The poet Alicia Ostriker speaks of metaphor as “a sign of love, …what language uses to show that the world is full of connections.” Barker’s poems demonstrate that purpose, and this one reaches to its deepest calling. After speaking of her mother’s death (“she gave up eating, / and then, even water. She’d / never read the Dylan Thomas poem, never raged against / the dying of the light”), Barker asks “but is it really light / that leaves?/ I know what Goethe / said, but is it really light / that leaves?” And then a few lines down she asserts: “No wonder / people say those birds connect us with / the universe.” The final connection of the poem is the enactment of the final line, a commentary on Jeffers’s line about the toddler, lost for three days, who was found on a mountain peak beside a vulture, “…smiling, utterly / unhurt, though on his / grimy shirt were pierced two sets of talon marks, a rip / from a hooked beak. ‘What an / enskyment,’ says / Jeffers,” and “What a way to begin a life, or, I’m thinking, end.”
What a way to begin and end a poem (or a collection of poems), I’m thinking— simultaneously tying things up and leaving them loose—making connections between images, yet not referencing each one, not doing the reader’s thinking for her, giving the reader just enough to want more. In “The Last Time I Taught Robert Frost,” Barker relays the story of how, on her father’s deathbed, she recited a poem different from his favorite, “Stopping By Woods.” As the last act of the final day of class, the students read or recited Frost’s poem. Reading Barker’s final lines in the book, the sense of accomplishment and the foreshadowing of loss for both teacher and students finishing the semester intertwine with my feelings about the completion of the reading of this transformational collection of poems, written by one of the best poets of her generation at the height of her powers:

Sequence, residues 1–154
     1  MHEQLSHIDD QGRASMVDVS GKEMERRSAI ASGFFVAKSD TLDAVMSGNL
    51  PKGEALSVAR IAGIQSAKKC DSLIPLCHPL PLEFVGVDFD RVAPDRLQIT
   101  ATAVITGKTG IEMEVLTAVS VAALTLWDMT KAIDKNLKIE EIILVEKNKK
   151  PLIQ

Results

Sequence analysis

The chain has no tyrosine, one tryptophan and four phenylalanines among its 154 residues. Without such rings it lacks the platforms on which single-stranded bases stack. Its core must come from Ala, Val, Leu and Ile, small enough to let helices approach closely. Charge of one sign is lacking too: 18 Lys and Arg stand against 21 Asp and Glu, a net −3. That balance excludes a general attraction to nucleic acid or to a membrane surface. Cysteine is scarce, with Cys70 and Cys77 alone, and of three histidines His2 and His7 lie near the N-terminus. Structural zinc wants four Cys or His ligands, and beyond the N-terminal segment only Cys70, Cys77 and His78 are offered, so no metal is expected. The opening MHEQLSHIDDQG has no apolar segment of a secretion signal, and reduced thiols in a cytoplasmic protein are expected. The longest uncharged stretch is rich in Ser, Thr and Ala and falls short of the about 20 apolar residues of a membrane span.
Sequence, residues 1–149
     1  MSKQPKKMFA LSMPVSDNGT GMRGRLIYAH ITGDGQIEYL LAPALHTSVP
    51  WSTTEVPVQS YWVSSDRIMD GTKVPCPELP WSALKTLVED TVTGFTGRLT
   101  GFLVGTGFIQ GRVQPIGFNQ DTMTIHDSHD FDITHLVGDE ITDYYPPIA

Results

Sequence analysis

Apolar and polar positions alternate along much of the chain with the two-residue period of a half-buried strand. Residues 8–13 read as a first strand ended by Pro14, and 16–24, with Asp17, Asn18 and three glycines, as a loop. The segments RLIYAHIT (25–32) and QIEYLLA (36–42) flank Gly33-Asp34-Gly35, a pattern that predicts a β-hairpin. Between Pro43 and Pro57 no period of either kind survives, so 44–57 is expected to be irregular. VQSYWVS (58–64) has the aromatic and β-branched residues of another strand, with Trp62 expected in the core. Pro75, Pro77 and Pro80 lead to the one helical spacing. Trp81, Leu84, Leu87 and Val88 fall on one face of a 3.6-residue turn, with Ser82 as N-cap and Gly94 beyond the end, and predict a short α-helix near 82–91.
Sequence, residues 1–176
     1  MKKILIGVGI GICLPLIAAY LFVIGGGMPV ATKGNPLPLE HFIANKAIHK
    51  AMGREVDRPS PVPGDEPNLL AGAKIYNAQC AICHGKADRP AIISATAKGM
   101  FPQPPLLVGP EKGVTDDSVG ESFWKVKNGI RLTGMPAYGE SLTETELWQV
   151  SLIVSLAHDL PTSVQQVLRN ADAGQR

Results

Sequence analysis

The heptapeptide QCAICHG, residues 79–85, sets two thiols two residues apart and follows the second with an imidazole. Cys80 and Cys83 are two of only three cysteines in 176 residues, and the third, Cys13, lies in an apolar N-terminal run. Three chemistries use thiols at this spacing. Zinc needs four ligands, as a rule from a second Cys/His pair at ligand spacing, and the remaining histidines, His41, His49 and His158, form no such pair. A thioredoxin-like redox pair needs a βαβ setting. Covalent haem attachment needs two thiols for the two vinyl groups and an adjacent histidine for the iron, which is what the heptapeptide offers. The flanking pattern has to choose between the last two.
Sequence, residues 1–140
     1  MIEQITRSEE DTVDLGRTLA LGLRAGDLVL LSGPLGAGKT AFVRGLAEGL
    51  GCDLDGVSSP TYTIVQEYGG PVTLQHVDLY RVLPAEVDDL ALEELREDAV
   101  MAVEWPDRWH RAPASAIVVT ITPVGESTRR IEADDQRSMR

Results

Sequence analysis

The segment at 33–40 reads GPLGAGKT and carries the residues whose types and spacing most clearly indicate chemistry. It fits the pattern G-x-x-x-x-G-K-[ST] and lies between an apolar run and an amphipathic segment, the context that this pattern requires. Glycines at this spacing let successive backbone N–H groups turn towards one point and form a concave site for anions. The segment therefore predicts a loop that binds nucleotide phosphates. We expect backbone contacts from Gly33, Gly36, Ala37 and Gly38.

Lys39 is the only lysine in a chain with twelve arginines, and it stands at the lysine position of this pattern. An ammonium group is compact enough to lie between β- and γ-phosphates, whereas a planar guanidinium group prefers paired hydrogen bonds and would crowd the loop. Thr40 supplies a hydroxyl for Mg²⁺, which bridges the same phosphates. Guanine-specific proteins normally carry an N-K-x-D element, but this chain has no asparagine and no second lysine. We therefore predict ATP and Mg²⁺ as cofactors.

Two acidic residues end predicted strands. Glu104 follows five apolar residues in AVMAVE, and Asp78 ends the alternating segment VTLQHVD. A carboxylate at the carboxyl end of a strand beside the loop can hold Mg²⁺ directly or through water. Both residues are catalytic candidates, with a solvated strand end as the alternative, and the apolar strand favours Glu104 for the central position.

I can’t explain it, but for once
something dark and deep entered among us in the overly
air-conditioned room. As if we were all one self and yet still alone
in the cold, and wanting to stay. When we spoke again,
we talked until I had to stand up, open the door, and tell them
to leave, say it was past time for their dinners and
all the lovely, nagging promises waiting for them to keep.
Terry Lucas is the author of two prize-winning poetry chapbooks: If They Have Ears to Hear (winner of the 2012 Copperdome Chapbook Contest from Southeast Missouri State University Press), and Altar Call (published in Diesel, the anthology of the 2013 San Gabriel Valley Literary Festival). His two full-length collections are In This Room (CW Books, 2016), and Dharma Rain, forthcoming from Saint Julian Press. Terry is the co-executive editor of Trio House Press, and a free-lance poetry consultant at www.terrylucas.com.